Crying Wolf in Howard Schools

September 09, 1992

Howard County school officials are crying wolf in their latest attempt to frighten parents into believing that budget cuts have damaged the schools and harmed their children. Barely a week into the new school year, officials are already complaining that classes are overcrowded. More specifically, officials blame budget cuts for forcing them to reduce the pool of teacher hopefuls they can draw on to offset unanticipated enrollment increases.

School officials are suspiciously vague on the number of schools beset by overcrowding, and which classes and how many students are involved. This is tantamount to warning of a wolf in the pasture, without saying whether it's a pup or a full-grown, menacing canine.

School officials know full well that it takes several weeks to determine the actual enrollment in each school. At that point, adjustments can be made to offset enrollment bulges in the system by transferring personnel from under-enrolled schools. Additional adjustments can be made by dipping into the pool of reserve teachers.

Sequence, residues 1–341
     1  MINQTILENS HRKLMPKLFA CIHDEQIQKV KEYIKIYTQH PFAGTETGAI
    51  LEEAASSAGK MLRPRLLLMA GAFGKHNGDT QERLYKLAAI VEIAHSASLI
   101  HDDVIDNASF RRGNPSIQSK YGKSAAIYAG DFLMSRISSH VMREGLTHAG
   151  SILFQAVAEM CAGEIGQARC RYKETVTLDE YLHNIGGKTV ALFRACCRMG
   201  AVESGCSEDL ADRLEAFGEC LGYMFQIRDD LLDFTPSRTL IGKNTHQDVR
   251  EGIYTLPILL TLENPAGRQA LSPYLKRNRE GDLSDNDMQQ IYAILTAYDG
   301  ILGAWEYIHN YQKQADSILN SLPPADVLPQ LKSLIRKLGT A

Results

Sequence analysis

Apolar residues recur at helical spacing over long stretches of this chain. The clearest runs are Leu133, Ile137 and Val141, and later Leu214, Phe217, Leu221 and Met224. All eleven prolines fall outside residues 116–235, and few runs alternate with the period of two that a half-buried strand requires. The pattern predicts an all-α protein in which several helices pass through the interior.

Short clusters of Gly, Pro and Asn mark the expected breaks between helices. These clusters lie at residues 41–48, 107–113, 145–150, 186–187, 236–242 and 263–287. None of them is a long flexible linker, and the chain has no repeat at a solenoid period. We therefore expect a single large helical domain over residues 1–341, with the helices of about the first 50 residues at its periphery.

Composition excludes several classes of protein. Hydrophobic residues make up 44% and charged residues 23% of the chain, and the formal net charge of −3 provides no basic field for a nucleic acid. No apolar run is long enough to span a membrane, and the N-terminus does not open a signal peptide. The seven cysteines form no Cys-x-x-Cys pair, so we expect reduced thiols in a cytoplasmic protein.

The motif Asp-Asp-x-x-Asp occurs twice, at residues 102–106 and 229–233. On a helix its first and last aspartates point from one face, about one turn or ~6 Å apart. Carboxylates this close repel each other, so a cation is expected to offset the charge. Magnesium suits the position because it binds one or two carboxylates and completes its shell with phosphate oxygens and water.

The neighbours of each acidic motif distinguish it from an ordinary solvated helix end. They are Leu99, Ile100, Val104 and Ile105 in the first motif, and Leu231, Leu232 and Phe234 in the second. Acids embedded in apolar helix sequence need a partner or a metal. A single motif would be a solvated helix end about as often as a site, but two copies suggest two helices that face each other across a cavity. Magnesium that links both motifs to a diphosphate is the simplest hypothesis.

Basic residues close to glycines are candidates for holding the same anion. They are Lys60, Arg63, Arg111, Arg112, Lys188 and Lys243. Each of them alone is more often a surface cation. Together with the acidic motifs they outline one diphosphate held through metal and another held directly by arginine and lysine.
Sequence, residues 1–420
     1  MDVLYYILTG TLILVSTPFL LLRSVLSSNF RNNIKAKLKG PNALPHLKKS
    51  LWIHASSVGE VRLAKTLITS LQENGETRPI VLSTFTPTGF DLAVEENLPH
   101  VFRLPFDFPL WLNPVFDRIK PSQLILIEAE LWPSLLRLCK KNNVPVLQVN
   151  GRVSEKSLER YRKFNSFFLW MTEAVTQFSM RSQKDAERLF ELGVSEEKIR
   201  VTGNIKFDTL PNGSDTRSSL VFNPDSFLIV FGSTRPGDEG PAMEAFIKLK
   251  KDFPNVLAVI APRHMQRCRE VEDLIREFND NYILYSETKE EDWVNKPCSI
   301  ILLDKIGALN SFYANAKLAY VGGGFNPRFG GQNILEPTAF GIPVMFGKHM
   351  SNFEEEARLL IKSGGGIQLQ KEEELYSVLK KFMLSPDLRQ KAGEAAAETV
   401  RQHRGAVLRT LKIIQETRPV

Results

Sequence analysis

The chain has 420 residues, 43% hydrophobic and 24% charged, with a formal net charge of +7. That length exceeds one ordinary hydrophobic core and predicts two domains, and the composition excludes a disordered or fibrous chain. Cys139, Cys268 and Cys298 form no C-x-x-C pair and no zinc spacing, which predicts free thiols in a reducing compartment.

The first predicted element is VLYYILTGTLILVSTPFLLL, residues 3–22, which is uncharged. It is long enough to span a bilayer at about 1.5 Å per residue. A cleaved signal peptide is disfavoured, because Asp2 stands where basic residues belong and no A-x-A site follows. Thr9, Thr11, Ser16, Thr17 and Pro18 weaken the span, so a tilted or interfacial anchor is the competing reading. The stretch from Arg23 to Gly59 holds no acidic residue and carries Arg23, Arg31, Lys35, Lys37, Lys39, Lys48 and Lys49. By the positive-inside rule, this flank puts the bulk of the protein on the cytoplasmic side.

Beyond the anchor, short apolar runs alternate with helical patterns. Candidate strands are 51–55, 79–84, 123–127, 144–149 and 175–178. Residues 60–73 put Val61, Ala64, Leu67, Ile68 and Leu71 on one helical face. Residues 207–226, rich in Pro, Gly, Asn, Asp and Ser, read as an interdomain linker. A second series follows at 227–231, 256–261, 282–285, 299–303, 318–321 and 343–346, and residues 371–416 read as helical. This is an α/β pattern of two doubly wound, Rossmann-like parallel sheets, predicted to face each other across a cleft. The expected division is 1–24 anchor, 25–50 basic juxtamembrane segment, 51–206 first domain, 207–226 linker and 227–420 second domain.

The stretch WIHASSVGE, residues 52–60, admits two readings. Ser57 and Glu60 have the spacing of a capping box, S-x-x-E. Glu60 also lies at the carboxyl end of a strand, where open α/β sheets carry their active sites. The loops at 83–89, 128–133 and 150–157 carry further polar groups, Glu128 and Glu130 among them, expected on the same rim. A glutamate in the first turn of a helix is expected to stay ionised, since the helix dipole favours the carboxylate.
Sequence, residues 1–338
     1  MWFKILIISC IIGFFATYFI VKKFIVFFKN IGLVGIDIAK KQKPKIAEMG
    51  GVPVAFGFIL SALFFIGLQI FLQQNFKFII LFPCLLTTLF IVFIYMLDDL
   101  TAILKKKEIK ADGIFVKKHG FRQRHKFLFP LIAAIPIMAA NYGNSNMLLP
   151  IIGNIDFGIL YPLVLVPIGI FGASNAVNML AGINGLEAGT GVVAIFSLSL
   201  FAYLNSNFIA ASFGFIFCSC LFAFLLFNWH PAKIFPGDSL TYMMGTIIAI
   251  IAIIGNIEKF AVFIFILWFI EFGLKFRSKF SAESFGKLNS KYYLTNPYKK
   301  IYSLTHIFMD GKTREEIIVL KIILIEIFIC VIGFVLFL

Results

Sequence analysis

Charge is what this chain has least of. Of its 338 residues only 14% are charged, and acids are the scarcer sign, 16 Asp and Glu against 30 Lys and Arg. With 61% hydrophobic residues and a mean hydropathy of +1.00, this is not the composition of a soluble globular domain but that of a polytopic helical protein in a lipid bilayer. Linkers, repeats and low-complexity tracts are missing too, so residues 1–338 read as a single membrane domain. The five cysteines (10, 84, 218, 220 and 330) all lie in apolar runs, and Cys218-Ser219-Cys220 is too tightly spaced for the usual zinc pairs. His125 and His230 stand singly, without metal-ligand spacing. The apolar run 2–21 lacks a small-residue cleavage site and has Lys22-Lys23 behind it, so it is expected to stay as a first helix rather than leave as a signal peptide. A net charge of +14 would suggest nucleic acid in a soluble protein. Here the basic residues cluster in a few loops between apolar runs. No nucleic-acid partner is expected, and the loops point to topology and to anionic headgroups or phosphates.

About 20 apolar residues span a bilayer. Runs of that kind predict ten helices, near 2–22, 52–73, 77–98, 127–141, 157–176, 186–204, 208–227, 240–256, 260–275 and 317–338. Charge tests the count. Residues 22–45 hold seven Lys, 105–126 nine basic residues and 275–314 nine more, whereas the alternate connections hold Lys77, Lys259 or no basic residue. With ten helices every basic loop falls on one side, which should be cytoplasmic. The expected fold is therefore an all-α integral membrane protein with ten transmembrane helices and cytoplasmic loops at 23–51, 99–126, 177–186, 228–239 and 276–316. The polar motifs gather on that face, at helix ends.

Cutting by more than half -- from 38 to 16 -- the number of reserve teachers the school system had available was a wise decision. The growth in new residents in Howard has fallen well behind pre-recession predictions. An early enrollment projection of 1,300 new students this year appears to be right on target.

Until clear evidence exists that overcrowding has gotten out of hand, school officials are acting irresponsibly to suggest a crisis. Officials should have learned a lesson from the strategic error of the county teachers union, whose rank and file responded to salary cuts last year by refusing to do work not specifically stated in their contract. Instead of drawing parents to the cause, the tactic alienated many would-be supporters and was abandoned.

Of course, school officials may be right that overcrowding will make parents feel the pinch of budget cuts for the first time. But until they know for sure, this wolf doesn't seem nearly as big and bad as it is being portrayed.

Baltimore Sun Articles
Please note the green-lined linked article text has been applied commercially without any involvement from our newsroom editors, reporters or any other editorial staff.